Although drinking in moderation can be safe for adults, drinking by anyone under 21 can be a serious issue and should not be ignored, dismissed or minimized. There are, of course, the immediate risks and harms a young adult may experience from drinking alcohol: they are more likely to have driving accidents, experience death from alcohol poisoning (excessive drinking), have violent behavior, be the victim of violent crime, to have unprotected sex, and to have depression and anxiety.
Equally concerning, a number of reports and studies indicate that drinking by young adults (anyone under 25 years of age) can have serious long-term consequences as well. It is now understood that the human brain is still developing and growing until the mid-20s. Heavy drinking before the brain has completed its development can cause numerous long-lasting problems. A recent study by neuroscientist Susan Tapert of the University of California, San Diego compared the brain scans of teens who drink heavily with the scans of teens who don't. Tapert's team found damaged nerve tissue in the brains of the teens who drank. The researchers believe this damage negatively affects attention span in boys, and girls' ability to comprehend and interpret visual information.
According to a national survey of 43,093 adults, published in Archives of Pediatrics & Adolescent Medicine, 47% of those who begin drinking alcohol before the age of 14 become alcohol dependent at some time in their lives, compared with 9% of those who do not drink until at least age 21.
In a study comparing the brains of youth ages 14 to 21 who did abuse alcohol with those who did not abuse alcohol, researchers found that the hippocampi of drinkers were about 10% smaller than in those who did not drink. The hippocampus is the area of the brain critical for regulating emotions, for storing and recovering memory, in particular long-term memory and for spatial navigation. Damage or stunting of the hippocampus can lead to loss of memory and difficulty in establishing new memories. For example with Alzheimer's disease the hippocampus is one of the first regions of the brain to be affected, leading to the confusion and loss of memory.
Drinking by young adults is a serious issue and can have potentially life-long consequences. So, how can you tell if your teen is drinking or abusing alcohol? Here are some of the warning signs to look for:
Physical Warning Signs Of Alcohol Use And Abuse
- Bloodshot eyes
- Changes in appetite
- Changes in sleep patterns
- Shaking, tremors or seizures without a history of epilepsy
- Poor personal grooming, hygiene and physical appearance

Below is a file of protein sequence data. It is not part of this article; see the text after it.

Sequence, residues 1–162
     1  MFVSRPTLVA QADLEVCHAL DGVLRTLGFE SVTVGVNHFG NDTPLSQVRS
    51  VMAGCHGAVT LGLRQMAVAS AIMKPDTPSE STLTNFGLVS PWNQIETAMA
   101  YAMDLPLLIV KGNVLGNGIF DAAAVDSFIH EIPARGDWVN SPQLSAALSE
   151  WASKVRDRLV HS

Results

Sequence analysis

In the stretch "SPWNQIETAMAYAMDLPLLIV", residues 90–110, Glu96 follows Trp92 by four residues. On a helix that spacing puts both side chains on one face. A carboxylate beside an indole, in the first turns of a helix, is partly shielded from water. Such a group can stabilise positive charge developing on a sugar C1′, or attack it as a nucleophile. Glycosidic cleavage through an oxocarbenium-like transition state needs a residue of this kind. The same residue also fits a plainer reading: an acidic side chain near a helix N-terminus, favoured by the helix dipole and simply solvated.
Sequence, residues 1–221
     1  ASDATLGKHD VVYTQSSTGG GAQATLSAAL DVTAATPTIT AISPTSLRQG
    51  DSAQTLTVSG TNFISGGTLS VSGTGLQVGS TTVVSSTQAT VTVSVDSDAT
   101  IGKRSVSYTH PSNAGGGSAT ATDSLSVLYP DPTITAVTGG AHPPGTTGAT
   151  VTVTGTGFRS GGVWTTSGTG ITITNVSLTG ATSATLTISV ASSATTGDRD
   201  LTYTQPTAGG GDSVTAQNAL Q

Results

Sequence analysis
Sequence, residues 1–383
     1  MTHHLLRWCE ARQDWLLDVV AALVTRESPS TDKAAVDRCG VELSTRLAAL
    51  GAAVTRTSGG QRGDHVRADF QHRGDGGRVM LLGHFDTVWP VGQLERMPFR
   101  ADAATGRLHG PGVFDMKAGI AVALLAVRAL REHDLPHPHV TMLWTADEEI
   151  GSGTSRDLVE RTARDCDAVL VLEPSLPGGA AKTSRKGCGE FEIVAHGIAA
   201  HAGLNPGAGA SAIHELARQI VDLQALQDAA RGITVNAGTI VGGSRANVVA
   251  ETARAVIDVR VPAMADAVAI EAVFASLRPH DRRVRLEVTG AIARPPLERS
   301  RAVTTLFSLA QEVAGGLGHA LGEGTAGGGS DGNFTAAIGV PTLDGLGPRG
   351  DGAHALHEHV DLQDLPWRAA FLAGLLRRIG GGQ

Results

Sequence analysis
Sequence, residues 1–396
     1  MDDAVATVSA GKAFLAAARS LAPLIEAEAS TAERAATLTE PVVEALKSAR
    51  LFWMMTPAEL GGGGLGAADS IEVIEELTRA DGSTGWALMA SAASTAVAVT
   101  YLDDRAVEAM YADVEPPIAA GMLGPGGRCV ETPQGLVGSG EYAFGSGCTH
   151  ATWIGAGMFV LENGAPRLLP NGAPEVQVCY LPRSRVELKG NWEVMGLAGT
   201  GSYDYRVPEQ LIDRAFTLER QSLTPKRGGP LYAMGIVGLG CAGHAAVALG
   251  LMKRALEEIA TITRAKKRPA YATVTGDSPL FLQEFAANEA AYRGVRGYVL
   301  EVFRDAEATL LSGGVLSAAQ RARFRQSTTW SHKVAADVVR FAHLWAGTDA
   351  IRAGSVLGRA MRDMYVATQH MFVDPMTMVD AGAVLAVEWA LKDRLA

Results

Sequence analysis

- Slurred speech
- Poor coordination
- Injuries or bruises that your teen can’t remember how they happened
- Smell of alcohol on breath, body, or clothing
- Sudden use of breath mints or gum
- Incoherent or slurred speech
- Finding alcohol in your teen’s room or with belongings
- Alcohol missing from house, discovering watered-down bottles of alcohol
Behavior Warning Signs Of Alcohol Use And Abuse
- Missing school or classes
- Drop in grades
- Getting in trouble at school, or with the law
- Increase in arguments, fights, accidents
- Loss of interest in previously enjoyed activities, hobbies or sports
- Missing money or valuables or frequently asking for money
- Increased isolation, silence, being withdrawn
- Increase in secretive or suspicious behaviors
- Refusing to discuss new friends, activities
- Locking doors
- Avoiding eye contact
- Sudden change in friends, favorite hangouts
- Using eye drops to hide bloodshot eyes
- Unexplained change in personality and/or attitude
- Sudden mood changes, irritability, outbursts
Many of the items listed are common in all teenagers. Nearly all teens will be irritable and have abrupt mood changes due to the hormonal changes they are experiencing. However, if several of these warning signs occur, be alert for more. If you do find your teen is drinking or abusing alcohol, talk to them about it. Explain to them the new findings on what alcohol does to teenage brains and its lasting impact. See our article on “How to Talk to Your Teen About Alcohol” for more suggestions.
Finally, if you discover your teen is regularly drinking and the drinking is having consequences, look into treatment options for help. New Hope Recovery Center can offer treatment suggestions for your teen/young adult. The early you intervene on teen drinking the better. Call 888-707-4673 to set up a confidential assessment.
Written by: New Hope Recovery Center
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